That afternoon walking back to the bus stop along Mannerheimintie I hummed to myself. Straight after work I’d gone to the Finnair travel agents in the corner of Aleksi and reserved my flights to Heathrow. In only two week’s time I’d be on the aeroplane on my way to London. In only fourteen days’ time I’d be in the arms of my Englishman.


Chic Mama said...

And I sigh a deep sigh wondering what happens next.....how cruel of you to leave me in suspense. ;0)

Wildernesschic said...

Saw you had posted so brought my cup of tea to bed and read :) As always a great post. I can just imagine your father, and life in Finland Cant wait for the next one.. you poor thing we are always asking you to hurry up and get the next installment out !!!

The Divorcee said...

Your writing is so effortlessly skillful and as always I am desperate for more. It transports me back to the days of my young love and pining for contact from overseas, letters disintegrating from being continually folded and unfolded. Fantastic xx

Cheryl said...

Your father sounds like he felt, on some level, really rejected by all the women in his family either leaving him or choosing non Finnish men. I'm glad your sister was strong enough not to feel goaded on by him.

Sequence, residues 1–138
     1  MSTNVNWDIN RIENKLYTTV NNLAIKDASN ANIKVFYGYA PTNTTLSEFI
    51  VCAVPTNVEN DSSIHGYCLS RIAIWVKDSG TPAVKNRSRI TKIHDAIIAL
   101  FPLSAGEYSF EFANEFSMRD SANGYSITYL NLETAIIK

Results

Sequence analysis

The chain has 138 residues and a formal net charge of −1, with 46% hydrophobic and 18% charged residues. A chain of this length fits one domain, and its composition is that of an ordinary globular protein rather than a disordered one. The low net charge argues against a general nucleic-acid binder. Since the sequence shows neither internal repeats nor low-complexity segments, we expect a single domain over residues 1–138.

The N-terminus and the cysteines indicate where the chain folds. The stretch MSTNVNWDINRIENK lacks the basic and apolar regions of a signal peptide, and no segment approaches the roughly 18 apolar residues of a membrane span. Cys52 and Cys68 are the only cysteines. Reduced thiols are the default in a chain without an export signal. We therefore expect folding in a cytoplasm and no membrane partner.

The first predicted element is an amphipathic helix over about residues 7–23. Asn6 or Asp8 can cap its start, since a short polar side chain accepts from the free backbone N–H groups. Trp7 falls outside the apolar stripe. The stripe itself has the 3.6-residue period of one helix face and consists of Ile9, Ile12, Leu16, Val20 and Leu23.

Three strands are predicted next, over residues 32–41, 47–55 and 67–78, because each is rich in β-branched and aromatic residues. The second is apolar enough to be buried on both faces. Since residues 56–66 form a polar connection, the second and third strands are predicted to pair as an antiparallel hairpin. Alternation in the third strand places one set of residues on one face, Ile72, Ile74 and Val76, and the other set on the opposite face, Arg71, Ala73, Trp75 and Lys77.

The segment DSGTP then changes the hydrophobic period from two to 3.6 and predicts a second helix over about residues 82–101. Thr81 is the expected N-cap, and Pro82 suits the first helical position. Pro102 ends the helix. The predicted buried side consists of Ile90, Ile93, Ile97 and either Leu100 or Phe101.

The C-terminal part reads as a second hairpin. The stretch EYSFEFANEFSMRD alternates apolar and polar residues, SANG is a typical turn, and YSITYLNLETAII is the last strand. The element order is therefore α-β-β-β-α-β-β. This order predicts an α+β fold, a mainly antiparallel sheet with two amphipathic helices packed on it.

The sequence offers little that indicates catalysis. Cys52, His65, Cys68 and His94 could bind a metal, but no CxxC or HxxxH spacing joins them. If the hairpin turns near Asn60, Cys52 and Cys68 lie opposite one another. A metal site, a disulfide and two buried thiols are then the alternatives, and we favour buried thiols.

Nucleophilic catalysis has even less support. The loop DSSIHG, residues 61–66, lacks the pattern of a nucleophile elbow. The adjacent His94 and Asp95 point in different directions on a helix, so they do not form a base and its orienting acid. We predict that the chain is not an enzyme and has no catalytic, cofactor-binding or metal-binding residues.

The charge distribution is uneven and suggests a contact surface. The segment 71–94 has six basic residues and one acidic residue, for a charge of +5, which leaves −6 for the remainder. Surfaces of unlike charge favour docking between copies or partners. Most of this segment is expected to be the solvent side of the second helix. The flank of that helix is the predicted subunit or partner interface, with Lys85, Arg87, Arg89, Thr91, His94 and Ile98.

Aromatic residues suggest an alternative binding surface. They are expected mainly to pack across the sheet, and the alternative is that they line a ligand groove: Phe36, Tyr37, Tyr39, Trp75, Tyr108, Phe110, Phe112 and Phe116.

Another great installment! Can't wait for the next.

Helena Halme said...

Thank you! You spur me on to write more, and that is a good thing! xx

one of 365 said...

I know you can't give this away, but I'd be really interested to know if your father was still alive and what he would think of your posts. He is such a fascinating character. I've told you this before, but the way that you relay him to us is magnificent. His words, his expressions---I can just see him, smell him, guess what his whiskers on his face are like. You are so talented like that Helena. Your sister sounds amazing, by the way! I feel for you. It's hard, because you are sort of at the beck and call of the Englishman. You want to be there but it's at a snap of HIS fingers and you have to give up your life. It must have been very stressful and unsettling. I know you weren't resentful and being in love often clouds things like that, but I would have been very frustrated. You were so young....and so talented and so gifted. I'm sure you felt you were giving up a lot and risking so much. You, as always, intrigue, delight and please with your story. xoxoxoxoox